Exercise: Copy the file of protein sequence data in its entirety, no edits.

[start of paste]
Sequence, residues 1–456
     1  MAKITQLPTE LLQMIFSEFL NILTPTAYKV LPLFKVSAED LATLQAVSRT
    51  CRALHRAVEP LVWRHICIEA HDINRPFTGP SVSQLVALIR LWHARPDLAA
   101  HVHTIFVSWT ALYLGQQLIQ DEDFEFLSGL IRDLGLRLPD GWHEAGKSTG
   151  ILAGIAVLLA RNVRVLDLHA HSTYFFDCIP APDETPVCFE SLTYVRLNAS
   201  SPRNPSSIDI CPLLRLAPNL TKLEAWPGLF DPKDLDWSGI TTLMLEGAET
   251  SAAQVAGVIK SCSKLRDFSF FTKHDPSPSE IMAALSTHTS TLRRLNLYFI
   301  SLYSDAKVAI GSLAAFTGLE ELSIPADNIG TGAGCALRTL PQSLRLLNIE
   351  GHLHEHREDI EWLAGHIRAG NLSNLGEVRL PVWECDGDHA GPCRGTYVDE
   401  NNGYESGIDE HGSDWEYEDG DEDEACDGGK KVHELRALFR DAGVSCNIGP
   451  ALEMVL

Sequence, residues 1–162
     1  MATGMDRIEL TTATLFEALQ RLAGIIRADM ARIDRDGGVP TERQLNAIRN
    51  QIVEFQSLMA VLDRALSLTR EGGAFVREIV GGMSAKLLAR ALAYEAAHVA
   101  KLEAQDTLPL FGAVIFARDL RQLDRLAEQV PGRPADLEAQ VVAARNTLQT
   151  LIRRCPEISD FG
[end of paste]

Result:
Sequence, residues 1–456
     1  MAKITQLPTE LLQMIFSEFL NILTPTAYKV LPLFKVSAED LATLQAVSRT
    51  CRALHRAVEP LVWRHICIEA HDINRPFTGP SVSQLVALIR LWHARPDLAA
   101  HVHTIFVSWT ALYLGQQLIQ DEDFEFLSGL IRDLGLRLPD GWHEAGKSTG
   151  ILAGIAVLLA RNVRVLDLHA HSTYFFDCIP APDETPVCFE SLTYVRLNAS
   201  SPRNPSSIDI CPLLRLAPNL TKLEAWPGLF DPKDLDWSGI TTLMLEGAET
   251  SAAQVAGVIK SCSKLRDFSF FTKHDPSPSE IMAALSTHTS TLRRLNLYFI
   301  SLYSDAKVAI GSLAAFTGLE ELSIPADNIG TGAGCALRTL PQSLRLLNIE
   351  GHLHEHREDI EWLAGHIRAG NLSNLGEVRL PVWECDGDHA GPCRGTYVDE
   401  NNGYESGIDE HGSDWEYEDG DEDEACDGGK KVHELRALFR DAGVSCNIGP
   451  ALEMVL

Sequence, residues 1–162
     1  MATGMDRIEL TTATLFEALQ RLAGIIRADM ARIDRDGGVP TERQLNAIRN
    51  QIVEFQSLMA VLDRALSLTR EGGAFVREIV GGMSAKLLAR ALAYEAAHVA
   101  KLEAQDTLPL FGAVIFARDL RQLDRLAEQV PGRPADLEAQ VVAARNTLQT
   151  LIRRCPEISD FG